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Gay themed romance best described as Wuthering Heights meets Brokeback Mountain. This gay coming out drama set against the backdrop of the picturesque, but bleak windswept Yorkshire moors has invited comparisons to Ang Lee’s gay cowboy film Brokeback Mountain. But whereas Lee’s film had mainstream appeal, God’s Own Country is a far more austere work that will not have the same broad appeal. It is firmly in the tradition of those grim kitchen sink dramas beloved of British cinema of the 60’s, but also has the gritty realism of Mike Leigh, etc. this is a moving, thoughtful, heartfelt and wonderfully nuanced drama that marks an impressive feature directorial debut for actor turned director Francis Lee. But the film also touches on broader contemporary themes such as class, identity, sexuality, a dying tradition of the family farm, and the impact of European immigration in rural England. Lee grew up on a Yorkshire farm, so he knows this territory well, and he gives the scenes depicting the daily routine of the farm a real sense of authenticity. This is something of a love letter to the Yorkshire landscape as well. It has been beautifully shot in widescreen by cinematographer Joshua James Richards, who comes from a background in short films, and he makes the oppressive and harsh landscapes seem eerily beautiful. And he gives the material a moody and brooding quality. Lee has a strong sense of visual style, and there are some striking visual compositions.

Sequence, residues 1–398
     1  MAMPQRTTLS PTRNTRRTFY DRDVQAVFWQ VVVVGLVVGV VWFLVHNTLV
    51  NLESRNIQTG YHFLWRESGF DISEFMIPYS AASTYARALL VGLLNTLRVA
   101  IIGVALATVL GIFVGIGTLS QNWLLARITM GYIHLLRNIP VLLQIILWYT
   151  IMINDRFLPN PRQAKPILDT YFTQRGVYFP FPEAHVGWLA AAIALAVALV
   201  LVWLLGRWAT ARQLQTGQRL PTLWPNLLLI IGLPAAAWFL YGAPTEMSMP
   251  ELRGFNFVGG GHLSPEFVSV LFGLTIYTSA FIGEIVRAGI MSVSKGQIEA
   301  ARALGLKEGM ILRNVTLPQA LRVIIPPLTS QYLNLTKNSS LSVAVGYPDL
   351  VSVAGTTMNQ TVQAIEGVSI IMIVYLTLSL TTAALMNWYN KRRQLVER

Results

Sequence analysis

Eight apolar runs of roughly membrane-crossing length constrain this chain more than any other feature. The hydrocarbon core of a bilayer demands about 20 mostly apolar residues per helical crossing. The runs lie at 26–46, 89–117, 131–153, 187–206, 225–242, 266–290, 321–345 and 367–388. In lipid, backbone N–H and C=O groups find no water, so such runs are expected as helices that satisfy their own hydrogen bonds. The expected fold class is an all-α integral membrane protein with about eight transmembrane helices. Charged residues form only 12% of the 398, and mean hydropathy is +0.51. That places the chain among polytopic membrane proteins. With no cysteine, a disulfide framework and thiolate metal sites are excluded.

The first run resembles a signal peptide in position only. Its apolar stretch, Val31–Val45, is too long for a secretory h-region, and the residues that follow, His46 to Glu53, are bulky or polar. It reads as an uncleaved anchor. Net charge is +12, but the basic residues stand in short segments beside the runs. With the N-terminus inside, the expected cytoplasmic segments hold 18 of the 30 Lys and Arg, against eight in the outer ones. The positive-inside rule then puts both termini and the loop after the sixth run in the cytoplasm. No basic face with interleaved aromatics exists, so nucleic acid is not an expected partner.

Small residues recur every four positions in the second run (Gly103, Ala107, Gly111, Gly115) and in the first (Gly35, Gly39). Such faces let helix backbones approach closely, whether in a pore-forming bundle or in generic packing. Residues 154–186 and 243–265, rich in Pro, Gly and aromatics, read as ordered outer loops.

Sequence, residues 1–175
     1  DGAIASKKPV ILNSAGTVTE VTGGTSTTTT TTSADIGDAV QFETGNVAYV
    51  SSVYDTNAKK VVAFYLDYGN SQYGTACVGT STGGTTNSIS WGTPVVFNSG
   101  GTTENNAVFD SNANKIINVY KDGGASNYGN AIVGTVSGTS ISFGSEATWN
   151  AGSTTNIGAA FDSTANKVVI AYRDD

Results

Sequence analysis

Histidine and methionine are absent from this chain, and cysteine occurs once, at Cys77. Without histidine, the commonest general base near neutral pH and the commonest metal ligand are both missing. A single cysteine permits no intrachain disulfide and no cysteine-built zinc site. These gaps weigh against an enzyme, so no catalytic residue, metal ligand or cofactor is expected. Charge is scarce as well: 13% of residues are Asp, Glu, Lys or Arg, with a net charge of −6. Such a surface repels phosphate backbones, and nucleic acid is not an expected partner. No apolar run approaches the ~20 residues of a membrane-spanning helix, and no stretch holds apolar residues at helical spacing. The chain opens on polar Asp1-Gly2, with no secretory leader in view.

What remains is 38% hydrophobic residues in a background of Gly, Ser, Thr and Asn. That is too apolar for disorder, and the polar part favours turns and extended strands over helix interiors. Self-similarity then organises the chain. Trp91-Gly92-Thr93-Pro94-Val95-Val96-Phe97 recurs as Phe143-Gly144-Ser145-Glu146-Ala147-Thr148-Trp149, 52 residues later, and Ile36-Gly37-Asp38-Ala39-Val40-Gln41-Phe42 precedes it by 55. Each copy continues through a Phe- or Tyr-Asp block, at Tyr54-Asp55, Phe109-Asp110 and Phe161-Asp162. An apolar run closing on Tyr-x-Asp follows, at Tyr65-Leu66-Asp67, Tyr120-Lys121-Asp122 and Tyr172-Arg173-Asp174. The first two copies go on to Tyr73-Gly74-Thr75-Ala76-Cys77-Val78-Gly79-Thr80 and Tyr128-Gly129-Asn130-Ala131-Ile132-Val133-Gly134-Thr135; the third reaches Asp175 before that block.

11. LION. 

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This moving Australian-produced drama is based on the true story of Saroo Brierley, a young Indian boy from a poor rural family who, the age of five, became separated from his older brother in his native village and who eventually found his way home a quarter of a century later. The film is based on Saroo’s autobiography A Long Way Home, which detailed how he used Google Earth technology to discover the small village in India where he was raised. That obsessive quest pathed the way for an emotional and heartbreaking reunion with his mother, who had never given up hope of finding him. Brierley’s novel was adapted for the screen by novelist Luke Davies and explores universal themes of loss, family and a sense of belonging. The early scenes set in India are among the more moving and powerful even though they are largely dialogue free. The second part of the film concentrating on the adult Saroo is less engaging and lacks the intensity of the earlier scenes, and is also a lot more overtly sentimental and manipulative. Young newcomer Sunny Pawal (selected from some 4000 kids who auditioned) is the real find here, and his wonderful, cheeky presence, innocence and natural charm as the young Saroo gives the film its heart and soul. He also brings a stubborn and resilient quality to his performance, but he also manages to convey his fear and uncertainty. Lion is a winning, feel good crowd-pleasing drama about determination and resilience.



A PRAYER BEFORE DAWN – tough prison drama that’s like a Thai version of Midnight Express.